military and naval strategy of the Union to encircle the South, block Southern ports, and increase pressure on the South by land and sea
Appomattox Court House
site of Robert E. Lee's surrender to Ulysses S. Grant, which marked the beginning of the end of the Civil War
Confederate strategy to win the Civil War by not losing it. The Confederates planned to drag out the war, making it difficult and expensive for the Union to fight.
Battle of Antietam
September 17, 1862; the bloodiest single day of battle in American history; a Union victory that resulted in more than 20,000 casualties
Battle of Gettysburg
July 1–3, 1863; battle fought in Gettysburg, Pennsylvania, that marked the last Confederate foray into the North
Battle of Glorieta Pass
March 28, 1862; battle fought in Glorieta Pass, New Mexico, that marked the last Confederate foray into the West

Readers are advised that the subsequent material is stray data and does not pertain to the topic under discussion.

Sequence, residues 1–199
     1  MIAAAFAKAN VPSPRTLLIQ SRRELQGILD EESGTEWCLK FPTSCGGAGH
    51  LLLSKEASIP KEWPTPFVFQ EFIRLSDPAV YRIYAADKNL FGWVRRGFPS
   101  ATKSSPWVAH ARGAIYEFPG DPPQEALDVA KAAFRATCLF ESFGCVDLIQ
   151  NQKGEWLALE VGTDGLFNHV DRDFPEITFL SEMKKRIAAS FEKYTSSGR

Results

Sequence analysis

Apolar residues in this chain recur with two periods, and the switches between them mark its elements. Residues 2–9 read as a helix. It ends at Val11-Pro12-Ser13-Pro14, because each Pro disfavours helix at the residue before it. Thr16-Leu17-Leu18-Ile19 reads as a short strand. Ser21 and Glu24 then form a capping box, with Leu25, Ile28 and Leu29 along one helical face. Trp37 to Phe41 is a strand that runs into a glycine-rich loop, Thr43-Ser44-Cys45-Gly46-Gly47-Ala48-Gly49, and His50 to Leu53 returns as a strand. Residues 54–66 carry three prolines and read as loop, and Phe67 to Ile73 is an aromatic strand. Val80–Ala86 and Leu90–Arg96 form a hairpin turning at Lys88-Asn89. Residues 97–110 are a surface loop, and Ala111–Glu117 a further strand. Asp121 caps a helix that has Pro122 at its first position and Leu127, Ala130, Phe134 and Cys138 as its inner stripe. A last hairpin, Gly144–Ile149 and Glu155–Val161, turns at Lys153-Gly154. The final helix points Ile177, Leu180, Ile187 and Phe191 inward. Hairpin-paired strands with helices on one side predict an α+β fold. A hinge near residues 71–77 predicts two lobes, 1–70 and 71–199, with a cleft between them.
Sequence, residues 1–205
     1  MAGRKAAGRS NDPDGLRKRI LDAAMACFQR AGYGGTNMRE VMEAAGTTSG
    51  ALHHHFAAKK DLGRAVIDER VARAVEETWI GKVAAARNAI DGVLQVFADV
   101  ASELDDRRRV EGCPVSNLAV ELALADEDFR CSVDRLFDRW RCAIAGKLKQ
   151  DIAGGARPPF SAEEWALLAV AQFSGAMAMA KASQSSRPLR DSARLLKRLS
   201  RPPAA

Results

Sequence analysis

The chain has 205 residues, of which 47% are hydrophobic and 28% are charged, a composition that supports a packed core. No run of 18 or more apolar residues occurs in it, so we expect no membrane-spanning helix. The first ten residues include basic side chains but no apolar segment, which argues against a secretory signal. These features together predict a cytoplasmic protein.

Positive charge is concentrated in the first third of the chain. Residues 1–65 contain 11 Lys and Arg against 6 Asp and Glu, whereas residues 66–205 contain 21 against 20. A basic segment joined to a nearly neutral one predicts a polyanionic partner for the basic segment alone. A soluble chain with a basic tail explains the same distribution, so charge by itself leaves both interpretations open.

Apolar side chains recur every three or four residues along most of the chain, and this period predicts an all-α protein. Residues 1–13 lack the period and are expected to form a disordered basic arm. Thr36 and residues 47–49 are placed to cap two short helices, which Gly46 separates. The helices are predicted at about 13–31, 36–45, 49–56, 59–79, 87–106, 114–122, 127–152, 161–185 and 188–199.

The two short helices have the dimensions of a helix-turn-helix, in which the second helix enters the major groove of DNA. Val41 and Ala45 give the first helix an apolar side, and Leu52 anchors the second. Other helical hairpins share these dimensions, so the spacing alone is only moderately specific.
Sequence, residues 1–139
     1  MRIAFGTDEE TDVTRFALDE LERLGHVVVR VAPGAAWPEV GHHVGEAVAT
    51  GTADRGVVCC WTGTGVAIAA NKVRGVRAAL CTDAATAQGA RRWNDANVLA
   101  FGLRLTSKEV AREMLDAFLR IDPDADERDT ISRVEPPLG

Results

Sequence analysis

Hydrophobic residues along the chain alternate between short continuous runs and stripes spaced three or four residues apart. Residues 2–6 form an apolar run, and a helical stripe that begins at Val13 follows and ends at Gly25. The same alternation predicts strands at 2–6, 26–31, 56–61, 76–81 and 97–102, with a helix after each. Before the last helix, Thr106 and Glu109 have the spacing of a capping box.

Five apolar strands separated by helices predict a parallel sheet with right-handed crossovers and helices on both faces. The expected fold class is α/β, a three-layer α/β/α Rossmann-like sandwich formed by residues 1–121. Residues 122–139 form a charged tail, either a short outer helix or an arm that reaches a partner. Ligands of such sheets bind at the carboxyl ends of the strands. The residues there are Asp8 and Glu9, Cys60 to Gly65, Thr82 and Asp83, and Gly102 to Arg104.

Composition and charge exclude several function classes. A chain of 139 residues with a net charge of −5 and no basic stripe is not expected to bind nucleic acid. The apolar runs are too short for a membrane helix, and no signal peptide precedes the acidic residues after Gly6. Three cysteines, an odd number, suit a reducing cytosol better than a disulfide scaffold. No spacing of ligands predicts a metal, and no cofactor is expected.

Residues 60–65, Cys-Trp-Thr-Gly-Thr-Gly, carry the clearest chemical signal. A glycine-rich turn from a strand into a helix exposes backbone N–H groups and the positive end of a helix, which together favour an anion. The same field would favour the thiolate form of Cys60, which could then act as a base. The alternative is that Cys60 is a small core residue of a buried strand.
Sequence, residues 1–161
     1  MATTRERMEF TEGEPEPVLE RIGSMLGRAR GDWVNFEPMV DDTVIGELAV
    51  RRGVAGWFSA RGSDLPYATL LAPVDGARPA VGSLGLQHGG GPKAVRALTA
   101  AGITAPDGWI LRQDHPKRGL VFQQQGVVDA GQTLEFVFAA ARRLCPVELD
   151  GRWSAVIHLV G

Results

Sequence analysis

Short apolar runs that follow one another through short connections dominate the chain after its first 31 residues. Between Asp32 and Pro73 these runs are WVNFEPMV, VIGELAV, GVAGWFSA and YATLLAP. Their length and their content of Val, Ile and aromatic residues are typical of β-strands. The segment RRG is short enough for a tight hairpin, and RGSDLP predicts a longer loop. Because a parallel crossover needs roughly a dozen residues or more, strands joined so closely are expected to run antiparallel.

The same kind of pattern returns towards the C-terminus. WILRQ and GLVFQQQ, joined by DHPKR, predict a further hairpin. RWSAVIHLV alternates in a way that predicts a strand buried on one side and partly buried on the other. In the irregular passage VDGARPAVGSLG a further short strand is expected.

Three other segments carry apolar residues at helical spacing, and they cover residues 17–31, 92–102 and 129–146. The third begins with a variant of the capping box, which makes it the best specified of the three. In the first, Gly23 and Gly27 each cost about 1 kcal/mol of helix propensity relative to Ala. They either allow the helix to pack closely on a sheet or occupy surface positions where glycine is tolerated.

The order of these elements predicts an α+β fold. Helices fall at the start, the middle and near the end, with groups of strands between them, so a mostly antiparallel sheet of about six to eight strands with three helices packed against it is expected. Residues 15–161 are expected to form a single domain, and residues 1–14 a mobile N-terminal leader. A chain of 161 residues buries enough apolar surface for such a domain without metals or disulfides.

Battle of Hampton Roads
March 8–9, 1862; first battle fought between ironclad ships in the history of the world
Abraham Lincoln's proclamation that freed all slaves living in Confederate states not yet under Union control
speech given by Abraham Lincoln at the dedication of the National Cemetery at Gettysburg. It is recognized as one of the most influential speeches in American history.
March to the Sea
devastating march of Union troops led by General William Tecumseh Sherman from Atlanta to Savannah. The goal of the march was to break the spirit of the Southern people.
Robert E. Lee
Confederate general and commander of the Army of Northern Virginia from June 1862 to April 1865
Ulysses S. Grant
Union general responsible for the Vicksburg Campaign and the surrender of Robert E. Lee at Appomattox Court House
General Ulysses S. Grant's plan to capture Vicksburg, Mississippi, and gain control of the Mississippi River and divide the western and eastern Confederate states